Death Rates Rise for Mississippi Children and Teens

Politicians like Mississippi Lt. Gov. Tate Reeves, a Republican candidate for governor, have made opposition to abortion a key part of their 2019 campaigns.

Politicians like Mississippi Lt. Gov. Tate Reeves, a Republican candidate for governor, have made opposition to abortion a key part of their 2019 campaigns. Photo by Ashton Pittman.

JACKSON—Mortality rates for Mississippi's teens and children have risen in the past nine years, a report that the Annie E. Casey Foundation published on Monday found.

The death rate for 2017 rose to 40 per 100,000 children and teens, up from 38 in 2010. Over the same period, the national death rate for the same remained static at 26 deaths per 100,000.

The report ranks Mississippi as No. 48 in children's overall well-being, and cites economic factors. It ranks Mississippi at No. 44 in education. Half of Mississippi's child population is now non-white, it notes.

"Poverty is connected to children's health and education, and disproportionately impacts children of color," said Linda Southward, who is co-director of Mississippi Kids Count, in a press release on June 17. "Given the changing demographics in Mississippi, we have children who are more likely to be disenfranchised economically, which reinforces the importance of looking at children's issues through an economic lens."

The report comes in the midst of a statewide campaign season loaded with talk about abortion rights, as federal courts consider challenges to Mississippi's recently passed law that bans abortions at around six weeks gestation.

"I've said it before, and I will say it again, abortion is evil," Lt. Gov. Tate Reeves, a Republican candidate for governor, told supporters at an event on May 21. "It is the greatest evil of our time. ... It is a moral issue. It is good versus evil; it is right versus wrong. This is not an issue for compromise."

His likely Democatic opponent in the November general election, current Attorney General Jim Hood, is defending the law in federal court. Hood, who describes himself as pro-life, has not taken a stance on the merits of the law itself as a campaign matter.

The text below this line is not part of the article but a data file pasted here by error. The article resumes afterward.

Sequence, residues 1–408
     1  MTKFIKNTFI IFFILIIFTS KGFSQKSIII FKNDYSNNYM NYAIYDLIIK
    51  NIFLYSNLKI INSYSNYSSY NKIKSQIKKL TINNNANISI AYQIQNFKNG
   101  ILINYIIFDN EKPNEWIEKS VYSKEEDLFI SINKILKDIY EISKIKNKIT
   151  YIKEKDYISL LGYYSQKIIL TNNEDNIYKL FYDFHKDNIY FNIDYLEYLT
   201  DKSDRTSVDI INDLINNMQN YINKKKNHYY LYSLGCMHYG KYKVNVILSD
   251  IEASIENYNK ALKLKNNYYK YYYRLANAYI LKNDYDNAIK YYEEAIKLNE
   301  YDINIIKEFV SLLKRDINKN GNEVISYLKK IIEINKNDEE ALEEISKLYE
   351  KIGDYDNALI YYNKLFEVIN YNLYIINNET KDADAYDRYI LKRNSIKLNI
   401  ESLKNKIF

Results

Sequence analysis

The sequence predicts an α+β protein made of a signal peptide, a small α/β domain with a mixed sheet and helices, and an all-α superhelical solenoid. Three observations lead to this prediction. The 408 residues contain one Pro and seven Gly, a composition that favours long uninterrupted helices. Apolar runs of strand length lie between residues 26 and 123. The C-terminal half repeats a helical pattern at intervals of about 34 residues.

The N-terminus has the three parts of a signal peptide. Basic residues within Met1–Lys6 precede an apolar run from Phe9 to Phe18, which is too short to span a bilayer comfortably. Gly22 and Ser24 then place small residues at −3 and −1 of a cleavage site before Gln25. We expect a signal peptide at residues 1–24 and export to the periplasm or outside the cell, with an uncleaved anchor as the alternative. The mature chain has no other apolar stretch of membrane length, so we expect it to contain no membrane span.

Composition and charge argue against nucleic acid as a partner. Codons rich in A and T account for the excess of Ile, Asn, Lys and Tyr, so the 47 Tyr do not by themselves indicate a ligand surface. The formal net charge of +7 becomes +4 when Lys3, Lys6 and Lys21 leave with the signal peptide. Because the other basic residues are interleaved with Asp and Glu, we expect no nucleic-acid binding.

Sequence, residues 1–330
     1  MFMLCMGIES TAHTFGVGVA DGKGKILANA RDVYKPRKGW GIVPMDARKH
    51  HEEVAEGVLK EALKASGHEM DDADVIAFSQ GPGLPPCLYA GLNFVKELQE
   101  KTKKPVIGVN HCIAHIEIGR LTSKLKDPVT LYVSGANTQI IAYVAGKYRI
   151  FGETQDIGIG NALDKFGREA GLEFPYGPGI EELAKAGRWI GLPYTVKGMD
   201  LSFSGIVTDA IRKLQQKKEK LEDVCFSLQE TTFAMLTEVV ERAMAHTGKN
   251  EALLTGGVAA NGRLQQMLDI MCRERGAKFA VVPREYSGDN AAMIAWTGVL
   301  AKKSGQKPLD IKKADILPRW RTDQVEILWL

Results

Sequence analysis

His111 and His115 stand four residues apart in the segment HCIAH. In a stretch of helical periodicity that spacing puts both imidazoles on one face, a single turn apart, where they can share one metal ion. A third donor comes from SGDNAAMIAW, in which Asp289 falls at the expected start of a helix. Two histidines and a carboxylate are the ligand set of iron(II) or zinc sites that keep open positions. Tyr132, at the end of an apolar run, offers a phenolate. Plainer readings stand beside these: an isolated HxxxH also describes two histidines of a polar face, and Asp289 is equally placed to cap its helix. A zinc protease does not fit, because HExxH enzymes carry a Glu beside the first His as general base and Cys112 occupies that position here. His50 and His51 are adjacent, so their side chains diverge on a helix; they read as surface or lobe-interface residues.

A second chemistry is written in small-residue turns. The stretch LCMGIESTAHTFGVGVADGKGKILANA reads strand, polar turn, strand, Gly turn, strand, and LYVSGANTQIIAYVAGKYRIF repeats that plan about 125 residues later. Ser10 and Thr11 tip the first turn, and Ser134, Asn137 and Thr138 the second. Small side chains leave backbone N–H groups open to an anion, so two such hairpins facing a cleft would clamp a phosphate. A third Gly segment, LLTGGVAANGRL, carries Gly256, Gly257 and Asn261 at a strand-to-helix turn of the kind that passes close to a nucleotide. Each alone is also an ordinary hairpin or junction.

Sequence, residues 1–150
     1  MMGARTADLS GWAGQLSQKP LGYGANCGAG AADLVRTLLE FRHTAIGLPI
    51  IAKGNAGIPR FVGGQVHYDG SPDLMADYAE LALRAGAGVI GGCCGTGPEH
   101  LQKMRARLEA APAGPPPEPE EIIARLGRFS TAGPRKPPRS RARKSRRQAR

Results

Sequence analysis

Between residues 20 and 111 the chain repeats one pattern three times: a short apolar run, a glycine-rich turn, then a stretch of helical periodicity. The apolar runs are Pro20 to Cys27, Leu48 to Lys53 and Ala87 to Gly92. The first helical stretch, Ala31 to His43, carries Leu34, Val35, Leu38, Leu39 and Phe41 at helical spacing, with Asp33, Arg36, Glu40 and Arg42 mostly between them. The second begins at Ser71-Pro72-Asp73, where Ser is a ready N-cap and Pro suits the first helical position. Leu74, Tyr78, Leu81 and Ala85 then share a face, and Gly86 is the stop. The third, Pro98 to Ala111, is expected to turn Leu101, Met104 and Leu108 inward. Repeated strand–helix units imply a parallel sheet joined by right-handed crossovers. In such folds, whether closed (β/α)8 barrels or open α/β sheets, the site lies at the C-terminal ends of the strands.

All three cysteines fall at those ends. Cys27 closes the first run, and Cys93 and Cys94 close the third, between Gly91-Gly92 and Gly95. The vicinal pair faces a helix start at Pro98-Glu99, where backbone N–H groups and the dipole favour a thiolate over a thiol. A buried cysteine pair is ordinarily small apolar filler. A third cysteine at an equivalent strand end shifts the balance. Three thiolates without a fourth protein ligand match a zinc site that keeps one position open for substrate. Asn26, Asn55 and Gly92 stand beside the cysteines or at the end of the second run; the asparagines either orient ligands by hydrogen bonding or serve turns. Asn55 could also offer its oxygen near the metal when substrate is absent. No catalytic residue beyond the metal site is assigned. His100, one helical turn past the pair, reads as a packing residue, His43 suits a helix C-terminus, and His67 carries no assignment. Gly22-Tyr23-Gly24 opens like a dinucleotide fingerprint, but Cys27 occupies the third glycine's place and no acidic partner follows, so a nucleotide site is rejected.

While Reeves' campaign emphasizes his "pro-life" positioning on abortion, though, Reeves has not made an issue out of the state's high infant, child, teen and maternal mortality rates. Pregnant women already die at higher rates than in most of the country, and the state is near the top in infant mortality.

The Reeves campaign did not respond to a request for comment on Wednesday afternoon.

When the Jackson Free Press reached out to the Mississippi State Department of Health about the high maternal mortality rate in May, perinatal consultant Charlene Collier (perinatal refers to around the time of birth) cited "a disturbing racial disparity," with black women being nearly twice as likely to die before or shortly after giving birth.

As of 2017, Mississippi led the nation in deaths among infants.

At a rally outside the Mississippi State Capitol in protest of the six-week abortion ban on May 21, American Civil Liberties Union Communications Director Zakiya Summers criticized politicians for not doing more to lower those numbers.

"We must use our civic duty and our constitutional responsibility to elect leaders who value women and who value families," she said.

In the MSDH statement to the Jackson Free Press on May 13, Collier suggested that Medicaid expansion could help lower the state's maternal mortality rates.

In 2012, the Supreme Court ruled that states could opt out of expanding Medicaid, a key part of the Affordable Care Act. Many Republican-controlled states, including Mississippi, did so, with Gov. Phil Bryant refusing billions in Medicaid expansion funds under former President Barack Obama's signature law.

That decision left about 300,000 Mississippians with no affordable health-care options, either because they made too much for traditional Medicaid or too little to qualify for ACA subsidies.

"Mississippi did not expand Medicaid, so there may be additional opportunities to provide primary health care to women before and after they have their babies so that they can better manage the medical conditions that often lead to pregnancy complications like uncontrolled hypertension and diabetes," she said.

From the first day he launched his campaign last fall, Hood has advocated for Medicaid expansion. Reeves, on the other hand, has stood firmly against it, deriding it as "Obamacare expansion."

In January, Reeves shut down rumors that the Legislature might opt to expand Medicaid this year.

"I am opposed to Obamacare expansion in Mississippi. I am opposed to Obamacare expansion in Mississippi. I am opposed to Obamacare expansion in Mississippi," he chanted at members of the press.

News in the recent Kids Count survey was not all bad for Mississippi, though. Fewer children live in poverty today than nine years ago; however, Mississippi's childhood poverty rate still remains significantly higher than the national rate.

The percentage of babies born with a low birth weight dropped, too, from 12.1% in 2010 to 11.6% in 2017. The number of children without health insurance fell from 9% in 2010 to 5% in 2017.

In Mississippi, 24% of children live in a high-poverty area, down from 28% in 2009. Nationally, just 12% of children live in poverty, the survey found.

Follow State Reporter Ashton Pittman on Twitter @ashtonpittman. Send tips to [email protected].


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